There have always been different types of diseases and a circus of epidemics and pandemics. Every time, an affected country or region was taken unawares and was shaken; luckily, either the human body developed immunity to fight these diseases or scientists worked on a vaccine, cure or therapy that eradicated the diseases, protected people from it or improved the quality of life for those living with the disease.
A good example is the HIV and Aids epidemic.
When the disease first hit, there was complete and absolute chaos and tragedy all over the place. In those days, people died of the condition within a very short time; the young and the old, the careful, the reckless and the innocent.
Gone are those days. There was awareness on precautions, there was distribution of condoms, there was development of protection from mother to child transmission, there was development of antiretroviral (ARVs) drugs and there was counselling.
People now live positively for decades, some with even better and longer lives than those without the condition. The story is different now because interventions were made and scientists did their work.
When the Covid pandemic first hit, people were completely and utterly helpless and shaken. The world was shocked and dazed at the sheer impact of the disease and how contagious it was.
People were also unaware of the necessary precautions and remedies related to the disease. But scientists got to work quickly and, by the time the second wave struck, we had a bit more information, knew the precautions better and were also better equipped to manage the outbreak and all what it comes with. On top of that, vaccines were in the making.
Interestingly, however, the vaccine was not welcomed with open arms.
When babies get vaccinated, they will usually start feeling irritable because of some side effects including fever. We all know this.
Ironically, with the Covid vaccine, people are not expecting any side effects and the presence of side effects renders the vaccine a monster.
How ironic is that when all these years they have grown up and relied on vaccinations and they are still taking their babies to get the shots. So a baby can handle a vaccine better than adults?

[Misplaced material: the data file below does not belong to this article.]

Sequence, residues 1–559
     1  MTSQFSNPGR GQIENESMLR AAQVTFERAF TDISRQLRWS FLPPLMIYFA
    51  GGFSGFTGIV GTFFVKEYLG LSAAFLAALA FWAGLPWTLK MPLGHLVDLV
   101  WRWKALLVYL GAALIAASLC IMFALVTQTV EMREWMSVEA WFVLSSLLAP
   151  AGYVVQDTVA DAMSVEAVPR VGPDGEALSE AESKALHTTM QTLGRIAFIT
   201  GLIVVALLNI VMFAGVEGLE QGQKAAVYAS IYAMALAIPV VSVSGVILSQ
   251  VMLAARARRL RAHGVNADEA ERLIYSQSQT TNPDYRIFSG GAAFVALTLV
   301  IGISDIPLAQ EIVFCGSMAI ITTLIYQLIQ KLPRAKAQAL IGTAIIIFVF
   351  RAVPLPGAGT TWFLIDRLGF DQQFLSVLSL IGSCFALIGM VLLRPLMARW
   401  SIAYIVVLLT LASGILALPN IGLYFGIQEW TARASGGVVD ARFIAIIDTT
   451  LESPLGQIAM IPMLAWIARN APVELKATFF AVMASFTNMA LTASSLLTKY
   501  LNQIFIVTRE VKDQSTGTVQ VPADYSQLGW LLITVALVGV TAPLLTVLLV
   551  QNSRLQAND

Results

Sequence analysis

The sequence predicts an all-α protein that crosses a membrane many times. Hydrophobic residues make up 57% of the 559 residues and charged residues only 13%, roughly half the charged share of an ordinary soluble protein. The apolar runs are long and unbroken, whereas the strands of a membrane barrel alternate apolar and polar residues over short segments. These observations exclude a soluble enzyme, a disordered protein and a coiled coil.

Seriously, the very same people who have taken babies for vaccination to protect them and who have nursed babies’ side effects from the vaccine are now branding the vaccine as something completely alien to the human folk.
If someone thinks they will die from the vaccine, then they will definitely die from the disease; but, at least, with the vaccine, there is a fighting chance.
Most of the fears about the inoculations are unfounded, typical misinformation and false information.
Others will actually have accurate information about the benefits of the vaccine but look for that scintilla of bad news related to the vaccine to back up their unwillingness to take responsibility and step out of comfort zones.
Granted, indeed everyone has a right to get the shot or not. However, it is also granted that every right comes with responsibility and, in this case, that responsibility is even more pronounced because we are talking about a highly contagious disease here and one that has caused many deaths.
Everyone has a right to choose but everyone also has a responsibility to protect others around them.
By choosing not to vaccinate, one is essentially relinquishing a level of responsibility and, with the nature of the disease, the question is: Are Covid anti-vaxxers planning to live in their own little worlds were they do not interact with and expose others and themselves?
There are countries you cannot step your feet in if you do not show that you were vaccinated against yellow fever.
With Covid, it will be all countries and, with where the world is going, we will not have access to places without vaccination or travel freely within our own countries if we risk exposing others.
We have already seen this at the recently ended Euro games; only vaccinated people were allowed into some stadia and restaurants.
It is an underestimate to say Covid has been brutal to humankind and that the prospect of a future free from the contagion is everyone’s prayer. A fighting chance is all we have. There is hope and it is in the vaccine.
I rest my case.